You will also see comments like, “This really inspired me.” Inspired to do what? Did it actually transform their life? Did it make them spring into action to make a change or help someone who needed it? But when I’d come across that very rare comment that says, “Thank you, I really needed to hear that today.” I found my answer. That, for me, is what it’s about. That’s what really matters.

It gives me real joy when someone—after reading one of my stories somewhere—takes the time to go to my website to leave a comment or send me a message letting me know that it prompted them to make the change that they’ve been hesitating to make for a long time. I want my stories—my words—to matter to someone in such a way that they led that one person to actually do what they needed to do to better their Self or their life, or help get them out of a dark place and keep moving forward.

When I was still in the corporate world, I once hired a writer for a six-month gig to help my team through an extremely busy period. He was a 27-year-old man who was incredibly smart but unbelievably anxious. Everyone advised against hiring him, but I did anyway. They all just saw his sweaty nervousness and lack of “PR skills” but I saw a brilliant person who is just different from everyone else and didn’t fit the mold.

During our daily interaction, I looked for his ambitions but I found none. I learned that his goal was to work 2-3 times a week. “That would be enough for my girlfriend and I to live on,” he explained. Later, I discovered that he wanted this because he would rather spend most of his days volunteering at nursing homes. “Since I’m working five days a week now, I can only do it on Saturdays,” he lamented.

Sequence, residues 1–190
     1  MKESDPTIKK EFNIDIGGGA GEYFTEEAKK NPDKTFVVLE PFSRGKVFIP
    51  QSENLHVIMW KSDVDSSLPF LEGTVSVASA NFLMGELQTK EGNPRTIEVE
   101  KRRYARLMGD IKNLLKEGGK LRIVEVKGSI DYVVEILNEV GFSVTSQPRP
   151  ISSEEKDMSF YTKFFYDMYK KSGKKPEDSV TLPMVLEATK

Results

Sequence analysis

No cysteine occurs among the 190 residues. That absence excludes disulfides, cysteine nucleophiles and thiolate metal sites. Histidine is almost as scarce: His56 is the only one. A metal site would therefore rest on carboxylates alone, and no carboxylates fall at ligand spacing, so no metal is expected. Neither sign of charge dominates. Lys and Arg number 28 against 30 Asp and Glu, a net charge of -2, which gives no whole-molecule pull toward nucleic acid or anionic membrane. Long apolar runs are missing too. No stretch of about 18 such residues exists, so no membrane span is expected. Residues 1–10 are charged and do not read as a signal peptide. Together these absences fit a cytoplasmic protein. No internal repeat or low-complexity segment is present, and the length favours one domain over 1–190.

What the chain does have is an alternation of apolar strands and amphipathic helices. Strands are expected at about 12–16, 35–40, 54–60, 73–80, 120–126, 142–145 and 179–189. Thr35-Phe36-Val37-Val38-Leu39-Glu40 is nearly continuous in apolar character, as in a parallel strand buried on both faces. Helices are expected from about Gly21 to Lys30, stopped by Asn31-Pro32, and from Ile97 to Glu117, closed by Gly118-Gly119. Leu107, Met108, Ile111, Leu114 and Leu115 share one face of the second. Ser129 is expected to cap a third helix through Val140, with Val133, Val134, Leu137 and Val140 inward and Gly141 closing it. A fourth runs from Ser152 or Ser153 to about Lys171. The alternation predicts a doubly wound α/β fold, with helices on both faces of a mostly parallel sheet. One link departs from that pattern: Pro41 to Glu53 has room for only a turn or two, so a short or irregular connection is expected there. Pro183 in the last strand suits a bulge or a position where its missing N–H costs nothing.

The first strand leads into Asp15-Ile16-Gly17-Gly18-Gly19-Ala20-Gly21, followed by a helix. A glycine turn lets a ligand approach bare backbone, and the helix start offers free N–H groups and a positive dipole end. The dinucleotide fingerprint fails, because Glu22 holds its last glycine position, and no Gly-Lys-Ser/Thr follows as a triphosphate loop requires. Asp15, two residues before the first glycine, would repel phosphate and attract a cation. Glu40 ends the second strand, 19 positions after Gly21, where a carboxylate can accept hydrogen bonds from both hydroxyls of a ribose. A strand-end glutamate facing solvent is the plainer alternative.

Despite his intelligence and high education, having a job is merely a means to an end to him—to sustain himself and his partner so he could do what he really wants to do, which is to help take care of those who could no longer look after themselves and have been abandoned by their families. And he didn’t give a rat’s a** about social media either.

As much as I would like to claim that I made a difference in his life, it was actually the other way around. I didn’t realize it at that time and I doubt that he will ever find out how he changed my perspective in life years after we spoke to each other last. He showed me that making a difference has nothing to do with money or the number of people you reach. And every time I get caught up in those things, I think of him—a self-effacing man making a real difference in people’s lives, including mine. And he didn’t do it by making a splash but by creating ripples with one single drop at a time.